Suzanne Hattier 0

Sunset Terrace Good Neighbor Policies

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Being a good neighbor begins with a positive, proactive mindset.

The solutions to the problems in our neighborhoods aren’t ultimately found in the government or the police. The solutions lie with us. It’s within our power to become good neighbors, to care for the people around us, and to be cared for by the people around us.

A good neighbor is friendly and considerate. Though good neighbors may live close, they respect your space and privacy. Good neighbors wave at you, may stop to pet your dog and chat, and buy lemonade from your children. Good neighbors take time to talk and smile. They reach out to connect to you.

Good neighbors' actions support community. A good neighbor looks out for others. Most importantly, good neighbors are respectful. They consider the others who live around them. They avoid keeping others awake with loud parties and barking dogs. They mow their lawns and maintain their property.

The point is that when it comes to living in close proximity to other people, any number of relational issues can arise. No neighborhood is perfect, and it takes tact, timing, wisdom, forgiveness, boundaries, and at times courage to live alongside of other people.

  • Introduce Yourself - A simple hello will go long way. No one wants to be “the guy down the street”. Exchange contact information and keep the lines of communication open. Neighbors can be great resources for protection, help and support.
  • Be Considerate - Keep noise levels down. Inform your neighbor if you plan to have a party. Respond respectfully if neighbors bring an issue to your attention. Keep the sidewalk clear of trip hazards.
  • Keep it Beautiful - A neighborhood is a reflection of the homes that comprise it. Dispose of trash in appropriate receptacles Tidiness includes the driveway and porch as well.
  • Cars and Parking – Off-Street parking can be limited but blocking the sidewalk is against the law and puts pedestrians in danger. The neighborhood doesn’t have a posted speed limit but is filled with children, pets, walkers, joggers, bikers, landscapers, and builders so use common sense and keep the speed at 25 or lower and If you back out, ALWAYS check for small children.
  • If you Have Pets - Clean up after your pet while on a walk and in your own yard. Obey leash laws.

If concerns or issues arise, communication is key. To keep the peace, we would ask that you follow the escalation path:

  • Take a breath and step back. Make sure you are calm before addressing.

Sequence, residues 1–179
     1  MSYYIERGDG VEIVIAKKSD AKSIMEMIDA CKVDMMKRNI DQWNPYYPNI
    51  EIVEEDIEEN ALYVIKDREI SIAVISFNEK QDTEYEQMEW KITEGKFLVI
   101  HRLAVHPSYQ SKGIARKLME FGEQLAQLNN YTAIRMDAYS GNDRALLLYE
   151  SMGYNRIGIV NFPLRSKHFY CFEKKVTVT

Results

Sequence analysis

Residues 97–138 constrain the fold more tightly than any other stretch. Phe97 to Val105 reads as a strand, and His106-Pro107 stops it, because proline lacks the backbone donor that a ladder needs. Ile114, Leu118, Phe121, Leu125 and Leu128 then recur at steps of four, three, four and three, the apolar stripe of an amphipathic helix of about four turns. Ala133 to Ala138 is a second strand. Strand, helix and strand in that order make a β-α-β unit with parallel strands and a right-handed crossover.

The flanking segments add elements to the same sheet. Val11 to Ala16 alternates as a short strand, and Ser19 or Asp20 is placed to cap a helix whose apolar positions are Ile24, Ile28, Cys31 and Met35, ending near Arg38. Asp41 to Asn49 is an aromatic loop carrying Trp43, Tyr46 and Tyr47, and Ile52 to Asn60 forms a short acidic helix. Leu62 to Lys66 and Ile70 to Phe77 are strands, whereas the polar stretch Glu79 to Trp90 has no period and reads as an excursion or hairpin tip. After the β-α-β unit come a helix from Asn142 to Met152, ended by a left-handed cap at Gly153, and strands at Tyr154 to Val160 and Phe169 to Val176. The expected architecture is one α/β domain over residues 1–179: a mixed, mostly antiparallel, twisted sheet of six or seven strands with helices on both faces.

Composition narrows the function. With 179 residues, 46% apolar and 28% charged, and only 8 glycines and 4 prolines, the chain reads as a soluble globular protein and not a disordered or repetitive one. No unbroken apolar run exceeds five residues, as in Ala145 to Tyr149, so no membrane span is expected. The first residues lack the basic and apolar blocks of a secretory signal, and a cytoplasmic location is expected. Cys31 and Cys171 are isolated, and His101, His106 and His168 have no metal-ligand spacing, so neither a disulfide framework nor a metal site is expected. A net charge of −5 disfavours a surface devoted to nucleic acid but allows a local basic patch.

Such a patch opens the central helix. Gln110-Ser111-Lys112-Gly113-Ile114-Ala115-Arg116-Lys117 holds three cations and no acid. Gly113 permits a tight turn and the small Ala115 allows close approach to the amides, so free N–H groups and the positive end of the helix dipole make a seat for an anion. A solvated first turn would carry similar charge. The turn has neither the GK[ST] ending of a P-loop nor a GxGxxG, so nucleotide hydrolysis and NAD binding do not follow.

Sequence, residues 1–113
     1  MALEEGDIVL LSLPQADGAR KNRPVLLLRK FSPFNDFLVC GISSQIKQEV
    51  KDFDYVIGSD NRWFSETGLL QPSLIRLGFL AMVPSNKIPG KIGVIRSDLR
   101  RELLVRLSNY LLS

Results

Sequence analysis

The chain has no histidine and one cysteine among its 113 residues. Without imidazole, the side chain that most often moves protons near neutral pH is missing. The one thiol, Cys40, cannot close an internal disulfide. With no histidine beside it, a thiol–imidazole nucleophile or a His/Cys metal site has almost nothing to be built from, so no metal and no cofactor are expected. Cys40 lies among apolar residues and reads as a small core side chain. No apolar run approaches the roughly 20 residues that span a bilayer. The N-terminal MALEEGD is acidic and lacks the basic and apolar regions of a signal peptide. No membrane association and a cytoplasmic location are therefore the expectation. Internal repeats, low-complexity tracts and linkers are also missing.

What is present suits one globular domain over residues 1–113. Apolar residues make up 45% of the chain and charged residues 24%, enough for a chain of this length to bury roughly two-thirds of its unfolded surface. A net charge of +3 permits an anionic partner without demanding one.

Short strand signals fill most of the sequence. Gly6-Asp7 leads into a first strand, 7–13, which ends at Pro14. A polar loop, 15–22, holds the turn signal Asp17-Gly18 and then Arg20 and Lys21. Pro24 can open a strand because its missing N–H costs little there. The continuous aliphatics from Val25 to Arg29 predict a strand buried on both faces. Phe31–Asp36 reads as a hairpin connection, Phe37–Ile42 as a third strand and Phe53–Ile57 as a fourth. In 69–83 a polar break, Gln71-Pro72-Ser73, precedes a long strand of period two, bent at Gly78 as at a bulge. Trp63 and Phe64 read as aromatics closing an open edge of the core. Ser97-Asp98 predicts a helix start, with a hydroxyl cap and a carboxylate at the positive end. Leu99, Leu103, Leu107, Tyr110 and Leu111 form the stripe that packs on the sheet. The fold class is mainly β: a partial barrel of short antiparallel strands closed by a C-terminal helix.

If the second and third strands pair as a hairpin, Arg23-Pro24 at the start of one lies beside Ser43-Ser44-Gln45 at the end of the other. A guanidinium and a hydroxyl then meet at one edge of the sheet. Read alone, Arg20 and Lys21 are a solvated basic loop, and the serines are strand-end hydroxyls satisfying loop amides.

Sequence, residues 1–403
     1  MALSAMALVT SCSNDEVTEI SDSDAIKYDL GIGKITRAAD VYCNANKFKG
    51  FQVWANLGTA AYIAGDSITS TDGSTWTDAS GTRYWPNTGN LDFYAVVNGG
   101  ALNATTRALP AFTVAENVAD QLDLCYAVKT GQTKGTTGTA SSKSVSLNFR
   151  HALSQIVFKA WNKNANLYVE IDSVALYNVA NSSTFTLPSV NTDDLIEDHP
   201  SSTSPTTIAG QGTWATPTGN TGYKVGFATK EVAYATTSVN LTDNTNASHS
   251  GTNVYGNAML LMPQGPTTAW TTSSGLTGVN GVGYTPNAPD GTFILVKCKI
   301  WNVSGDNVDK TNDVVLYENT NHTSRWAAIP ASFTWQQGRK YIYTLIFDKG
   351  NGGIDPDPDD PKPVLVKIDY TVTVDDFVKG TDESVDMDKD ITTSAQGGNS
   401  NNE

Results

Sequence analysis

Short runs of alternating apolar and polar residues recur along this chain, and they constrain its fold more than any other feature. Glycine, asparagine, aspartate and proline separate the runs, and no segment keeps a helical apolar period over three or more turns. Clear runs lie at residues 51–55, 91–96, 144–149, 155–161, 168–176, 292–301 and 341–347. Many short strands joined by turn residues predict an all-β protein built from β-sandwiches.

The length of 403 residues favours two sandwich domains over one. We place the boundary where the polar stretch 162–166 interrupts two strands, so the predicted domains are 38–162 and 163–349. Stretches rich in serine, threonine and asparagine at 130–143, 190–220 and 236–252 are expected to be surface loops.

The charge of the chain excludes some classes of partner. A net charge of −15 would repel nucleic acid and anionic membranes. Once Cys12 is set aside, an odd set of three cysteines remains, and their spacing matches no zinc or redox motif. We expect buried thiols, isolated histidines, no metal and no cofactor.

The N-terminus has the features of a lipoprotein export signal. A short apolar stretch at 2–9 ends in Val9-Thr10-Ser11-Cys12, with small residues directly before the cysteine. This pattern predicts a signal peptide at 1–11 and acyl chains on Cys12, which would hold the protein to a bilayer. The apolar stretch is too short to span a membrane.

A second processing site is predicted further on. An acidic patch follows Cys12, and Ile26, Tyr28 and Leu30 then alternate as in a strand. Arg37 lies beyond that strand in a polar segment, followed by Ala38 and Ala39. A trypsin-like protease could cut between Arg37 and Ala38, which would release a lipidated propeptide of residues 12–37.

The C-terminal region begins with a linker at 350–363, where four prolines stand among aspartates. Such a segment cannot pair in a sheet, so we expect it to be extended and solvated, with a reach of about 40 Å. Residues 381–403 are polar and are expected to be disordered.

• Reach out directly to the neighbor(s) (Knock on their door, make a phone call, send them a text, write them a note or an email). Explain nicely what is of concern and what you would like done to address the situation.
  • Other options to communicate include:
    • Post to the Private Facebook Group:
    • Facebook allows users to make private groups where only those approved by its creator can see the posts. Think of it like a tailored newsfeed with just your neighbors posting about community issues. It’s a good option if every neighbor has Facebook, since you can create events and post messages, photos, and files.
    • Facebook Messenger: Facebook also allows users to create conversations in Messenger. Think of it like an email distribution, except everyone can comment immediately. Users can send photos and files over Messenger. You can make one group message where all topics are discussed within it, or you can make different conversations (such as one for general comments, one for coordinating National Night Out party, etc.)
    • Email Distribution: This works well if not everyone is on social media. Neighbors can send each other quick messages, such as requesting a vacation home check or reminder of upcoming National Night Out party. If one neighbor wants, he or she can create a neighborhood newsletter with resources and reminders. Neighbors can send them information to put into the weekly/monthly newsletter so all the information is distributed once and in one place.
    • Next Door: Next Door is a tool designed around neighborhood safety. The site provides a map with a user directory, events calendar, and the option to create public and private groups. Users can post messages to talk about crime trends or other community issues. Before individuals can access the tool, they must verify their address (which helps ensure security).
    • Sunset Terrace Board -

If after exhausting all of the above, and you truly believe the issue could cause harm to the community, contact the city or police but do so without anonymity. If it is truly an issue and you’ve communicated via the above policy, you should be willing to sign your name to it.

Neighbors who support this policy please sign below. We will be distributing to the board, on the webpage and via email to the Sunset Terrace community in an effort to promote a better neighborhood.

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